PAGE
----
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  • 1999 Gaja - Langhe Conteisa

1999 Gaja - Langhe Conteisa

ITALY / PIEDMONT /
  • 92 WA
  • 90 WS
  • 92 IWC
  • Variety
    Nebbiolo
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SKU: 43719-1999-750-3A
  • International Wine Cellar | Rating: 92

    ($166) Full red. Crystal lized redcurrant and plum on the nose. Suave on entry, then rather closed in the middle palate, hinting only at licorice and menthol. But this powerfully structured Barolo builds impressively toward the back end. The tannins are substantial but not dry.
    Author: Stephen Tanzer
    Issue: November/December 2004
  • Wine Spectator | Rating: 90

    A cool and racy wine, with mineral, berry and red licorice character that turns to fresh flowers. Full-bodied, with silky tannins and a ripe, rich finish. Slightly hot. Still needs a few years to come together. 1,000 cases made.
    Author: James Suckling
  • Wine Advocate | Rating: 92

    Medium ruby. Gaja's 1999 Conteisa, from the Cerequio cru in La Morra, is the most approachable of this set of wines. It offers a delicate, perfumed nose, along with notes of ripe red fruit, spices and sweet toasted oak with excellent length as well as balance and fine tannins. Here the softer La Morra fruit seems a bit dominated by the oak.
    Author: Antonio Galloni
    Issue: 38838
  • Self | Rating: 91

    Rich and sinewy
    Author: Stephen G41
Plain and simple, Angelo Gaja is the biggest name in Italian wine. The Gaja winery was founded by Giovanni Gaja in 1859 and has been owned and operated by four generations of the Gaja family, with Angelo Gaja running the operation since the 1960s. Angelo is credited with modernizing Barbaresco and Barolo wines, having pioneered the use of controlled-temperature fermentation (for reducing oxidation) and small-cask aging (to stabilize color and preserve fruitiness). Gaja is most well-known for his Barbarescos, though the three most sought-after wines, Costa Russi, Sori Tildin and Sori San Lorenzo have recently been reclassified from Barbaresco DOCG to Langhe DOC, giving Gaja more flexibility in the winemaking process. Strikingly profound and built to live for decades, Gaja's wines display opulence and elegance unmatched elsewhere in Italy. These wines, while harnessing modern technology, have a long-established track record, ensuring they will perform well both in the glass and on the auction block. For any collector considering Italian wines, Gaja should be the first name on the list.

Click here to listen to GrapeRadio's podcast about Gaja Winery (Show #156, 48:29 min 22 MB)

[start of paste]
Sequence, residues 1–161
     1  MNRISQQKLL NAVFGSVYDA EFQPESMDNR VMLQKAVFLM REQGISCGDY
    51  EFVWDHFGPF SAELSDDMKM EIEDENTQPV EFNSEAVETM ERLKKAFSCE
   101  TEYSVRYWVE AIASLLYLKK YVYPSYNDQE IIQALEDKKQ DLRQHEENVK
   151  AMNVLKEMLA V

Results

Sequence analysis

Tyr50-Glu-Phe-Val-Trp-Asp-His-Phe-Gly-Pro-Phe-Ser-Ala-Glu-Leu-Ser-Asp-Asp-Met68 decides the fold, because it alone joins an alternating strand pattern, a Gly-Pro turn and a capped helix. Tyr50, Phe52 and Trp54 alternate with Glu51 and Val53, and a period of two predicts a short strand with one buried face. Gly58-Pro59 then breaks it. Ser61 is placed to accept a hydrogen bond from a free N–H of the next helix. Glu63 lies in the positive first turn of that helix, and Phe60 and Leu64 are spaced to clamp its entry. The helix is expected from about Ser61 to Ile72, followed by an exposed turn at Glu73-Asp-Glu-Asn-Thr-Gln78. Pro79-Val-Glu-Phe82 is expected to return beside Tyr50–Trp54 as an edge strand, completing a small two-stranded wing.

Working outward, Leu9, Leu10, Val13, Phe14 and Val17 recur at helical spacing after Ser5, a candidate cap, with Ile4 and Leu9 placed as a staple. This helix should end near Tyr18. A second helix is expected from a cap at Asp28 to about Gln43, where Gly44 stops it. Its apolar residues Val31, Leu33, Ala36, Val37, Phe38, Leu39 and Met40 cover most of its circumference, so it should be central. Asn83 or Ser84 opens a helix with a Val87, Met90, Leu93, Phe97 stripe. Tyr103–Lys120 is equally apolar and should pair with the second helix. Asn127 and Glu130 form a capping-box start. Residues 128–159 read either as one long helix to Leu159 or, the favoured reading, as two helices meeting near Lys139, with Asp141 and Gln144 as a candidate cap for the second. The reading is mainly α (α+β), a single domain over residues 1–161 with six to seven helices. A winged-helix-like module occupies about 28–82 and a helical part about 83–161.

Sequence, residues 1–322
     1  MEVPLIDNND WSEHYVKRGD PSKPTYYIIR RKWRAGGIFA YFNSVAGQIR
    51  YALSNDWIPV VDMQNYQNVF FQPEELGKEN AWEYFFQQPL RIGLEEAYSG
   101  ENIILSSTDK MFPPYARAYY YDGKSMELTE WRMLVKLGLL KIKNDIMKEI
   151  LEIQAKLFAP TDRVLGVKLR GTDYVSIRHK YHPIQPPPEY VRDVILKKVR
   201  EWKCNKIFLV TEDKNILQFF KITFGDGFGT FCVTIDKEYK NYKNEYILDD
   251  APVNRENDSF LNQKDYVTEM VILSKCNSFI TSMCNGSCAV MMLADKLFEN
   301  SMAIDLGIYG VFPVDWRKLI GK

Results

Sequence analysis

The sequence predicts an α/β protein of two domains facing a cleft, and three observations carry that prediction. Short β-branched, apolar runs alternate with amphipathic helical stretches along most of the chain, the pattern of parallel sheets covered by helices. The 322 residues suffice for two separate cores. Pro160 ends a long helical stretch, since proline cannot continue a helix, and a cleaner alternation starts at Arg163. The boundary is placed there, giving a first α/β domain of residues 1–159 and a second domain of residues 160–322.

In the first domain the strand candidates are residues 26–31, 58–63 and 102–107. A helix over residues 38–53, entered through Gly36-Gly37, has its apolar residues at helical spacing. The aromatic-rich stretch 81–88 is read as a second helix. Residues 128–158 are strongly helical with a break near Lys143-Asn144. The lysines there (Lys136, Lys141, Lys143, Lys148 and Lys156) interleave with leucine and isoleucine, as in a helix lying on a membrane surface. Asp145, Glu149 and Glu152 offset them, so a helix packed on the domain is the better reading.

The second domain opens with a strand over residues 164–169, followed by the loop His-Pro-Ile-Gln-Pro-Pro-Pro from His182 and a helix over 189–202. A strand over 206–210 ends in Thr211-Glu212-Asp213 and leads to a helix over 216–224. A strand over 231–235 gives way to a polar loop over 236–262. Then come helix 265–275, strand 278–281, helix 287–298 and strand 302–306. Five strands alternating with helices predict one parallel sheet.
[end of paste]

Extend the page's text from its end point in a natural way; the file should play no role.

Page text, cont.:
See other similar producers:Azienda Agricola Pelissero,Borgogno
Piedmont, which literally means “foot of the mountain,” produces some of Italy's finest red wines. Its clay, limestone, and sand soils are home to the legendary Barolo and Barbaresco wines, made from the extremely age-worthy Nebbiolo variety. Dolcetto and Barbera are considered to be more “workhorse” varieties, and produce the largest quantity of wine. The region is tucked in the cool northwest corner of the country, surrounded on three sides by the Alps. Fog often blankets the region, ensuring long, cool growing seasons. 

Nebbiolo is the king of Piedmont, and usually the only grape in the Barolo and Barbaresco wines of this Italian region. A continental climate brings long summers and a substantial amount of rainfall, allowing for extended time on the vine and optimal ripeness. As a result, Nebbiolo is high in both acid and tannin, bringing a beautiful balance to these wines and making them suitable for long-term ageing. The typical flavors of Nebbiolo include red currant, strawberry, roses, leather, and anise.

In Barolo, with its high altitude, Nebbiolo develops perfumed aromas of sour cherries, herbs, and dried flowers. Barolo DOCG wines must be aged for a minimum of three years with at least 18 months in oak before release. Further ageing in bottle adds complex aromas of truffle, tar, and leather. Nebbiolo from Barbaresco is less perfumed and must be aged for a minimum of two years with at least nine months in oak before release.  Some of the best examples of this variety come from Bruno Giacosa, Gaja, Giacomo Conterno, and Roberto Voerzio.

The delicate aromas, bold tannin, and high acid of Nebbiolo pair best with foods high in butter, fat and olive oil. Classic examples include truffles, prosciutto, boar ragu, pork loin, and a range of cheeses, but it is also a great match for Asian cuisine.

Collector Data For This Wine

  • 87 bottles owned
  • 38 collectors
  • Average collector rating: 91
    (Out of 38 collectors)